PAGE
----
The Pirate Bay is under a lot of pressure these days. The founders of the P2P site could be facing a $4 million-dollars fine for “intent to violate copyrights”. The thing that makes P2P file-sharing software providers untouchable is that their servers only contain links to sources where content can be downloaded.
Swedish authorities are prosecuting The Pirate Bay by arguing that they generate advertising revenues indirectly on tools serving illegal downloading purposes. A conversation started on Techcrunch to figure out how much exactly they were making out of those ads – educated guesses aim between 1 and 4 million a year.
BBC Click’s Dan Simmon has video interviewed the Pirates a few weeks ago. Quite surprisingly, the founders don’t like to be called outlaw, saying that they are only being fair by allowing users to get the most out of what the Web has to offer.
I think this sends us back to Steal This Film II, where the League of Noble Peers perfectly explains why there’s a copyrights war going on right now. Hollywood studios don’t really care that much about people getting movies for free, but they truly care about not controlling those channels of free distribution.
In fighting file-sharing, the entertainment industry is fighting the fundamental structure of the Internet.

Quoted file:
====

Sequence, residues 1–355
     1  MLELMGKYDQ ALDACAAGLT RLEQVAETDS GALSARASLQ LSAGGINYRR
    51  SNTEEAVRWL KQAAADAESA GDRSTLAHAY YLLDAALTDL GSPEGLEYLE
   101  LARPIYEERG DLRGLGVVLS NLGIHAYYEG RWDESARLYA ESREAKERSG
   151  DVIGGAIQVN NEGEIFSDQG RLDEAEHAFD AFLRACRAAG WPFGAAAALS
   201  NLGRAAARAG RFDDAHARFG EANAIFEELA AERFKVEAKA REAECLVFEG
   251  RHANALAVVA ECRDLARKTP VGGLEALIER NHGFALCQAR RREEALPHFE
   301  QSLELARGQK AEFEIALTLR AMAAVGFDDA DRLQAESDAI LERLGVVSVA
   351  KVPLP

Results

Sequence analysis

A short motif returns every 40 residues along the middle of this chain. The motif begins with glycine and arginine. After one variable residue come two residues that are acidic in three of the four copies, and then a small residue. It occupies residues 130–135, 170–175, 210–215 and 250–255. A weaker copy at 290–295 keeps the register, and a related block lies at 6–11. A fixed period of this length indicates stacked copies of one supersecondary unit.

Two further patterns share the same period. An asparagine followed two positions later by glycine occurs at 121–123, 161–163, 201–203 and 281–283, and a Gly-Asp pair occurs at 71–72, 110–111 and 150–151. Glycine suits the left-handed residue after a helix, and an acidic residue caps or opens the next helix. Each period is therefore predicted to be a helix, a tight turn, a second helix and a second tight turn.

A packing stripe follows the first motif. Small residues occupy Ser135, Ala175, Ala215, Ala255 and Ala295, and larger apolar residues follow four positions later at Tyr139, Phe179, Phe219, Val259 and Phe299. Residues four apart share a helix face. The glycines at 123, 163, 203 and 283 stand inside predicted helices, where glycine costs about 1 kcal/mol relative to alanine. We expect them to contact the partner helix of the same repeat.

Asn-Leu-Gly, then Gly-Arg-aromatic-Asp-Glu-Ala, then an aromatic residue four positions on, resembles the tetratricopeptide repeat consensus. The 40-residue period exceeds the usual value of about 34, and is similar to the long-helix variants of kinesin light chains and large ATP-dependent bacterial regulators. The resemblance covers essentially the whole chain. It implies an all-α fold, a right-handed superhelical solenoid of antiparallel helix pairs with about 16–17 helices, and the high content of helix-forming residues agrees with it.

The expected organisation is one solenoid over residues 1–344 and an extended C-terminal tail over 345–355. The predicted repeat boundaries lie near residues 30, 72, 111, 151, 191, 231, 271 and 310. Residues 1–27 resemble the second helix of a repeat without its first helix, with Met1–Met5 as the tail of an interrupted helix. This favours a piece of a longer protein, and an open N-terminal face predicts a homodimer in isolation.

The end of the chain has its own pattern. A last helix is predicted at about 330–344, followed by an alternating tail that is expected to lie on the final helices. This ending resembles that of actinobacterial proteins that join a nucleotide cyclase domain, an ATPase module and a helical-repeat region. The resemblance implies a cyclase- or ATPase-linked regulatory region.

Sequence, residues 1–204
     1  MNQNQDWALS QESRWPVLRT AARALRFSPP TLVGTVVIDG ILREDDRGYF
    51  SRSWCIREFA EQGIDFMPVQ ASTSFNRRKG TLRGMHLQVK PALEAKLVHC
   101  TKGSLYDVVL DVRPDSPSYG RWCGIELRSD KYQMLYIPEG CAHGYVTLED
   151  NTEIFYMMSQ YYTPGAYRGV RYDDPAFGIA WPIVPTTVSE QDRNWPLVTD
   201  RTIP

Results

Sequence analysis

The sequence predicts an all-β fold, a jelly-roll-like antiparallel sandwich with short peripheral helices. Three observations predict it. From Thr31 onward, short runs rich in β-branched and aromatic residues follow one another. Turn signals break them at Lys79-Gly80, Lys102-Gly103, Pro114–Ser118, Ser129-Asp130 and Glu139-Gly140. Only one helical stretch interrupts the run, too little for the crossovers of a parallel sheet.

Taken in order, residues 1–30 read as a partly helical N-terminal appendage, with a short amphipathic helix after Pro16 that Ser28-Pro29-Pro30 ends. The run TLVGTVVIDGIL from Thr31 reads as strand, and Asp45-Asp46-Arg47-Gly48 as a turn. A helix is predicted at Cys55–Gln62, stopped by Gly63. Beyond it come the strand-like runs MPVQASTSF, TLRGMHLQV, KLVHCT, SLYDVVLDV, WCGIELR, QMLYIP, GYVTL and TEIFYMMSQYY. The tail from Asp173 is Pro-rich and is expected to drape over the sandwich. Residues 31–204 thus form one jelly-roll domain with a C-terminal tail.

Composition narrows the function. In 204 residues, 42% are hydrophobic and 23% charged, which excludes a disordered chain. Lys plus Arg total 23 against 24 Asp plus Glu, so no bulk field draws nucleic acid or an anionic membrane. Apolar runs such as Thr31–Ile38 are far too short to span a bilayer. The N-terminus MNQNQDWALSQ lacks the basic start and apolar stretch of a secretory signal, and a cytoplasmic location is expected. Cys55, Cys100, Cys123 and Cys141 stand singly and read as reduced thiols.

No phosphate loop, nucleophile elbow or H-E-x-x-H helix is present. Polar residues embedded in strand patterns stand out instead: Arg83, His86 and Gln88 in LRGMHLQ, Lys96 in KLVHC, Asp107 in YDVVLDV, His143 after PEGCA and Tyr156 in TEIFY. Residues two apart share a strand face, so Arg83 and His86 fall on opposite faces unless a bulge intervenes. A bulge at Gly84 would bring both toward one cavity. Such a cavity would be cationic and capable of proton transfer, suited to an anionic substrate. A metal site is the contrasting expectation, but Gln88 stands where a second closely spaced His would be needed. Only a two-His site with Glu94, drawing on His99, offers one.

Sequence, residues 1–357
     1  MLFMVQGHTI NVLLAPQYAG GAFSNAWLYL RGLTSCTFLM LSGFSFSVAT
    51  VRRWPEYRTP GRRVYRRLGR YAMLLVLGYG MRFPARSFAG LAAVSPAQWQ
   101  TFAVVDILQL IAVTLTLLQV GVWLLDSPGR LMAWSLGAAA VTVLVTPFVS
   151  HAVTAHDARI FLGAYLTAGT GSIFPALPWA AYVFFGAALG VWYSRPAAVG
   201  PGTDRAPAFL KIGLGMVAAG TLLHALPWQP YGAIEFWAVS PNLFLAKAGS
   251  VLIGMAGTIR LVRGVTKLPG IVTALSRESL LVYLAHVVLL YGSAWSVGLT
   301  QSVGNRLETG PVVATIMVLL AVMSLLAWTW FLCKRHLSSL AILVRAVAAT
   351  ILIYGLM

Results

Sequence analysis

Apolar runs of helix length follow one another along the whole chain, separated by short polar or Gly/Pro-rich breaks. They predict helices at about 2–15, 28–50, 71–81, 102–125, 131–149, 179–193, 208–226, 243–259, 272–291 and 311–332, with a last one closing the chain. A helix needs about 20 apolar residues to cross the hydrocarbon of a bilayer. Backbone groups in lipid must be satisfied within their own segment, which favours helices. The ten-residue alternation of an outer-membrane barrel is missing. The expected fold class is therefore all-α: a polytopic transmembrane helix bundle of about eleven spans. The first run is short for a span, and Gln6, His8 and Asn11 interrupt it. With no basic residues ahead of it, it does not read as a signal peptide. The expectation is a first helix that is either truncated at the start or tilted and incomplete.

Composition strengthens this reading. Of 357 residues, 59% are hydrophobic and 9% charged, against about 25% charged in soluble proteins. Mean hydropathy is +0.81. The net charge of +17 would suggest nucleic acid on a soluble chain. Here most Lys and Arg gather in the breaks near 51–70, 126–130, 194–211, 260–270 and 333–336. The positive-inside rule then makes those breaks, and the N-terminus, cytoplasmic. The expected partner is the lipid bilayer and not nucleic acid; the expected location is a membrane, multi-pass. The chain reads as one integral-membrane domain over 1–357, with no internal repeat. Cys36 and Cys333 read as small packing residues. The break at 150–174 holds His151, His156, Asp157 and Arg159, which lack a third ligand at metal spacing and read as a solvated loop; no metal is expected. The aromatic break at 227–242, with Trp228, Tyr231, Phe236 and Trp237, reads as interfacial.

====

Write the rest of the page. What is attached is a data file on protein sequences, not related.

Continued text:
And someone quoting Mark Getty of Getty Images says:
Intellectual Property is the oil of the 21st century
The Pirate Bay trial is not about getting a few million dollars back for Hollywood. It is a form of war on the control of copyrights. Hollywood wants to keep control over the incremental value of the material they produce. P2P file-sharing is probably the most effective way to distribute movies at the lowest cost possible. How could Hollywood not like this?
I’m sure that if Bay Pirates were sharing their ad revenues with Hollywood’s studios, Hollywood would become a big fan of P2P file-sharing. They would even probably become the Pirates main advertiser. But for this, The Pirate Bay has to admit they indirectly distribute copyrighted content. It simply is a game of who’s going to drop the gun first.